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Defending the human right to water and sanitation at the United Nations

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Five years ago, the United Nations formally recognized the human right to water and sanitation by passing resolution 64/292. Social movements who campaigned for it saw the human right to water and sanitation as a tool in the fight against a global water crisis produced by abuse of the water commons, inequality and social exclusion.

In the final week of Intergovernmental Negotiations on the "Post 2015 Development Agenda," the NGO Mining Working Group and the Blue Planet Project marked the occasion by making a final push to have UN Member States ensure the human right to water and sanitation is explicitly and fully named in the process outcome document.

Ambassador Kamau of Kenya and Ambassador Donoghue of Ireland are responsible for co-facilitating the Post-2015 Intergovernamental Negotiations with a resultant Outcome Document for the UN Summit to adopt the Post-2015 Development Agenda. The Outcome Document, which includes a set of 17 Sustainable Development Goals, will guide official international development policy for the next 15 years. At a consultation with civil society groups, we reminded the co-facilitators of the 621 organizations who demanded that the human right to water and sanitation be explicitly named in the final text.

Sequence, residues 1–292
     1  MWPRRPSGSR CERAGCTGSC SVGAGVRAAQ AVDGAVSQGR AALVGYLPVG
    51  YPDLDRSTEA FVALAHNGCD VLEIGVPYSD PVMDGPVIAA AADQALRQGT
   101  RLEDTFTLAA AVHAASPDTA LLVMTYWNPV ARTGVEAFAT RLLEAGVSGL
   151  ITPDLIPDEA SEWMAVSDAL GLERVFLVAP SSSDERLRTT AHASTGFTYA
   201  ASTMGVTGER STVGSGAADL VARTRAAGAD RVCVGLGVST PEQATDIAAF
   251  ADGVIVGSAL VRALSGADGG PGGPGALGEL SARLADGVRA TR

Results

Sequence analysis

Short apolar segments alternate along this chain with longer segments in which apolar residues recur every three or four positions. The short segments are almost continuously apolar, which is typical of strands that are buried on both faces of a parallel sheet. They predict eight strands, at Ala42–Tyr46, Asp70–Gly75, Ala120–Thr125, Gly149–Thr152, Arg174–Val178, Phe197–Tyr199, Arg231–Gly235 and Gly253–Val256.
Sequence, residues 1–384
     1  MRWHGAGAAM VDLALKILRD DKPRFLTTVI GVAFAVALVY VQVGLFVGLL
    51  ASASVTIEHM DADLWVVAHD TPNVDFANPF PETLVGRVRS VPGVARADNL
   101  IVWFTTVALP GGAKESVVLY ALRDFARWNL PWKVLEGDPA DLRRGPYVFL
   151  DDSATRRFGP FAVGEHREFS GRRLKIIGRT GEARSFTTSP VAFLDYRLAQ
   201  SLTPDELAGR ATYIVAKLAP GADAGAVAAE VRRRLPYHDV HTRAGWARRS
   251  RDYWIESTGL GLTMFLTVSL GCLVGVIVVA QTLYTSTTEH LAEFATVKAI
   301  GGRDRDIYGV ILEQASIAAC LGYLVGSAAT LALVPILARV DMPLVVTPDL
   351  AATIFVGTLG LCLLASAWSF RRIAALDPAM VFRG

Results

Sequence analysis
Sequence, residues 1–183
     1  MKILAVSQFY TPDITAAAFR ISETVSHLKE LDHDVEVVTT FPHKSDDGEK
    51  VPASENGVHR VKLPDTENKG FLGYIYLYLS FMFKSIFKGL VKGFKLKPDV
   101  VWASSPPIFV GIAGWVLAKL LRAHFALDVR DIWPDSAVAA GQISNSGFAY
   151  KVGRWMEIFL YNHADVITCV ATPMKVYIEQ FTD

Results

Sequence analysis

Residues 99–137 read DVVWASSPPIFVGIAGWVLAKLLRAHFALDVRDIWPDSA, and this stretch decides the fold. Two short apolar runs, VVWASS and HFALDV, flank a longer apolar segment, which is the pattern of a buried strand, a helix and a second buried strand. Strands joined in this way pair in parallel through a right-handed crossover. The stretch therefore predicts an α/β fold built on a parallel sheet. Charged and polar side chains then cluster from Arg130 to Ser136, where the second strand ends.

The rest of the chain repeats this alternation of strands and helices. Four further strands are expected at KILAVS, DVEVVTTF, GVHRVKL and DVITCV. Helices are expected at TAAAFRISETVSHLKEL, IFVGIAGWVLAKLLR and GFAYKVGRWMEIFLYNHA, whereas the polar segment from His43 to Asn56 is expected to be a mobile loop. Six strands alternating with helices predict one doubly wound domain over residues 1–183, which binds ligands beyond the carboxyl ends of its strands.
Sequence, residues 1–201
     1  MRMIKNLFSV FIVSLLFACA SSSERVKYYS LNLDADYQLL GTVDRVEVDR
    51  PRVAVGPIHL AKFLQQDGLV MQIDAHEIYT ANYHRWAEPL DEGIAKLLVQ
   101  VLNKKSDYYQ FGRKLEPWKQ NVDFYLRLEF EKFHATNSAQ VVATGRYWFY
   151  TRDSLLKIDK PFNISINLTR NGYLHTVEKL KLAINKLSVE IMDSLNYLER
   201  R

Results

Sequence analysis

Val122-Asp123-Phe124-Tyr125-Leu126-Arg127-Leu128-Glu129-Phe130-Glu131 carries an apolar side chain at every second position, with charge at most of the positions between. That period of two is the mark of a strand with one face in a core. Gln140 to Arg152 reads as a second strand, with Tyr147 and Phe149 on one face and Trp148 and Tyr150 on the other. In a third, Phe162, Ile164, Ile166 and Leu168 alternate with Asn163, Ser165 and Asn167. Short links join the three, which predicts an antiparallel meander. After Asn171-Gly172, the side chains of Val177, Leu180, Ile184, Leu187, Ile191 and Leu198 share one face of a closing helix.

Water justice organizations have warned that unless the text is rooted in a human rights-based framework, a water and sanitation goal will pave the way for greater commodification of water and sanitation services and freshwater supplies as the water scarcity crisis deepens.

We were encouraged last week to see drinking water explicitly referenced as a right. We did, however, call for the strengthening of this language by naming the human right to water and sanitation in full. Our call was echoed at the UN by Switzerland, Palau, Costa Rica, Bolivia, Mexico, Georgia, Kazakhstan and the "Arab Group" of countries.

Our conversation with the co-facilitators enabled us to challenge an assertion made by one Member State regarding the legal basis for the human right to water and sanitation.

We reminded Member States that:

The Post 2015 Development Agenda will determine the shape of international development over the next 15 years. While we continue to have strong concerns and reservations regarding some components of the agenda, ensuring that the goals and targets relating to water and sanitation are rooted in the human rights framework is a vital first step in establishing peoples and local communities as "rights holders" rather than clients or aid recipients. Additionally, it establishes the obligations of States as duty-bearers who cannot pass off their obligations to private corporations.

The final text was due to be released at the end of the week.

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